The Palace at Marley looks to have been built by a reasonably prosperous tenant farmer, but the question then arises: of whom was he the tenant? The Kavanaghs were for a long time the principal landlords in this part of the country, and according to the Down Survey of Ireland carried out in the mid-1650s, Knockduff then belonged to Anthony Kavanagh, a junior branch of the family. He or his successors may have lost the property (perhaps by remaining Roman Cathlic) because a map dated 1765 features the townland of Knockduff but a parcel of land on it approximating to where the house now stands is listed as belonging to ‘Lord Courtown.’ (The Stopfords, originally from England and settled in County Meath, had bought an estate on the Wexford/Carlow border in 1711: in 1758 James Stopford was created Baron Courtown and subsequently Viscount Stopford and Earl of Courtown.) so the house could be earlier than the start of the 18th century but it is hard to tell. Matters are not helped by the fact that a few years ago a renovation of the building was begun, during which the roof was re-slated and the external walls rendered. However, large openings were knocked in the rear and all the internal walls stripped back to stone, thereby removing almost all evidence of its earlier appearance. This project then stalled, and the house now stands in a vulnerable state, at risk from slipping into the same shambolic condition as the outbuildings to one side which have all but disintegrated. The grand palace at Marly has gone, remembered only through references to it in a handful of memoirs. That at Marley stands but could yet go the same way as its near-namesake.
Increasing study of country houses, here and elsewhere, has led to better understanding of these properties’ decorative histories. Almost without exception the process has been one of consistent change as successive generations adapt buildings for their own specific needs and uses, and reflect differences in taste. There can be no absolutes, nor notions that a particular style of decoration is ‘right’, only a willingness to respond to the present while respecting the past. Above is a view of the dining room in Borris, County Carlow as it was until recently, and below a view of the same room as it is now. A new wall colour and a re-hang of pictures has brought forth another aspect of the space’s character.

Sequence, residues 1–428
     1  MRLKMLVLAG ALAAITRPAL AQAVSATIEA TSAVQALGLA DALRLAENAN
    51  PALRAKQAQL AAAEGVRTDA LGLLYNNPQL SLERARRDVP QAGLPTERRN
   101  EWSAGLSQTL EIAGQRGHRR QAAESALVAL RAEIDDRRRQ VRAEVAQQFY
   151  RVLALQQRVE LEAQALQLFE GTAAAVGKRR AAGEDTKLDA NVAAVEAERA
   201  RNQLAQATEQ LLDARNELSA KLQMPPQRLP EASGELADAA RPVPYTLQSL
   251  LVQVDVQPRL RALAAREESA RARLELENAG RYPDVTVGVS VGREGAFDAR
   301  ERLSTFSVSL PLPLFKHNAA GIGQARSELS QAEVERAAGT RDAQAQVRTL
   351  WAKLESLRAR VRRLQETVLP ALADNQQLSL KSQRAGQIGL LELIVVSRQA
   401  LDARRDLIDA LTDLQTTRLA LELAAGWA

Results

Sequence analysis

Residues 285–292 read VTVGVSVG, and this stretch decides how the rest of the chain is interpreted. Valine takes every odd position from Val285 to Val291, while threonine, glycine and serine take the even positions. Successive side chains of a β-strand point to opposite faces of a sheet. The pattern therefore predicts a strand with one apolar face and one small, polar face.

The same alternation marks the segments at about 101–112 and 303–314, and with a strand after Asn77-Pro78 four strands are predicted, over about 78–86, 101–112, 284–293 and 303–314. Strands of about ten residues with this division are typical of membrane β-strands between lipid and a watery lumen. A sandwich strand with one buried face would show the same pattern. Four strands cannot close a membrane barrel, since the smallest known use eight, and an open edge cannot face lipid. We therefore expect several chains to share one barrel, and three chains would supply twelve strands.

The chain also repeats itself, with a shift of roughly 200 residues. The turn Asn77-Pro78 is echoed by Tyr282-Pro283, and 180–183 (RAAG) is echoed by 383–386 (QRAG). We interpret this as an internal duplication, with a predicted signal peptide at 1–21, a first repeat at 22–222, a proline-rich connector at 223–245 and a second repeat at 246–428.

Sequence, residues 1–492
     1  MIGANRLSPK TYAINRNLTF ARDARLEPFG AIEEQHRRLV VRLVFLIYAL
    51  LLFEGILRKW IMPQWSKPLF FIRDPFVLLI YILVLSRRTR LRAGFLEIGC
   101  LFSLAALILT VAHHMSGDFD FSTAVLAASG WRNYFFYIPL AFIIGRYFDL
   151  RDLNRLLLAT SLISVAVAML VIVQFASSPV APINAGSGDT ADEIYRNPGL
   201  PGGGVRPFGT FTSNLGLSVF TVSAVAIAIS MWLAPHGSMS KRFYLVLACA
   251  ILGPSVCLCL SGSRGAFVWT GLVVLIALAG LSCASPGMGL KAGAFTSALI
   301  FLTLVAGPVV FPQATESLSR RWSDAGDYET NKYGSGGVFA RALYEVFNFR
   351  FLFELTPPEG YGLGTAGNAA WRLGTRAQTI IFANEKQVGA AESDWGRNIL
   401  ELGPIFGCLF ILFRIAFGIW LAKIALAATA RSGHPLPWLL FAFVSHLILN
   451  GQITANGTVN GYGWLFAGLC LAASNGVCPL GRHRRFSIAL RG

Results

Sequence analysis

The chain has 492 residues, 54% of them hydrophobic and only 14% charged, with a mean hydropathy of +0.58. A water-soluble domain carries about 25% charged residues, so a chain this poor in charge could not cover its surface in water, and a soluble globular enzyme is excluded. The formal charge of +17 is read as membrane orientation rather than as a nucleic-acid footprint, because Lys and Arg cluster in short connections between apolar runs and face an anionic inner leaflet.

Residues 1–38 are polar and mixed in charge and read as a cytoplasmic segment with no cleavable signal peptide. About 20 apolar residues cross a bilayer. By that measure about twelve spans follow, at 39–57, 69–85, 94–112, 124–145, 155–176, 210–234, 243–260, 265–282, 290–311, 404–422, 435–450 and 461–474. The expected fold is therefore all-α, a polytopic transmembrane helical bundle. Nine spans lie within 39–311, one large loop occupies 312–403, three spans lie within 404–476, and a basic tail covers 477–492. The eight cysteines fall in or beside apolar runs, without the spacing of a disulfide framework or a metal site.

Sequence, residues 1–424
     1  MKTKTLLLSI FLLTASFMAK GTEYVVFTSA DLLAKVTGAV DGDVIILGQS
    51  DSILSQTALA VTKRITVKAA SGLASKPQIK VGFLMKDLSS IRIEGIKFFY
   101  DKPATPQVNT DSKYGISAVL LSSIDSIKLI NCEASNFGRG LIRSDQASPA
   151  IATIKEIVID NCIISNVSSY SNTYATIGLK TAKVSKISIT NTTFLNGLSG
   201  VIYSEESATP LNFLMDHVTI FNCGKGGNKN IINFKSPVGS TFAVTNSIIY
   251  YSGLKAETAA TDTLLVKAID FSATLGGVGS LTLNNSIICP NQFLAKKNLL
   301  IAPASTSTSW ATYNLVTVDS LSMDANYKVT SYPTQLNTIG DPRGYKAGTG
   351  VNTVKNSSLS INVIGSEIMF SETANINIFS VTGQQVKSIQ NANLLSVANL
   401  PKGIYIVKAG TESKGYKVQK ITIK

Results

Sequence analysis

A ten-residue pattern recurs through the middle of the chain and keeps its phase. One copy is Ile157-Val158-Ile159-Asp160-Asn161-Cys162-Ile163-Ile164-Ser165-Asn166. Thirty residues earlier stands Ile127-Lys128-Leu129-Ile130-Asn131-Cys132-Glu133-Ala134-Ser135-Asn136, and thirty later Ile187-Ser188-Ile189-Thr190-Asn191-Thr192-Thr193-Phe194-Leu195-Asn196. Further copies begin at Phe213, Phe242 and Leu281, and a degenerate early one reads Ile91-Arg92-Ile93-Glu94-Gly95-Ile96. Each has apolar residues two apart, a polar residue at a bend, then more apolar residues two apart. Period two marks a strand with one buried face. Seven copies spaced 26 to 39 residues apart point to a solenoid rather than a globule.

The stuccowork found in Irish houses is rightly renowned for its exceptional combination of vivacity and virtuosity. Yet the attention given to this field of design has focussed primarily on practitioners in the 18th century, with little notice paid to those who came later. It is curious that this should be the case: in the decades between the 1800 Act of Union and the onset of the Great Famine in the mid-1840s several waves of house building occurred across the country, and many of these properties were elaborately decorated. By this date plasterwork was no longer created ‘free-hand’ on site but instead frequently made elsewhere in sections and then installed under supervision. But who were the people who carried out this work? While we often know who was responsible for the architecture, the names of firms and craftsmen who created the interiors seen today seem to be unknown, or at least not to have excited scholarly interest. The three houses featured today demonstrate that more could be done to honour and celebrate these virtuosi who did so much to enhance the properties on which they were employed.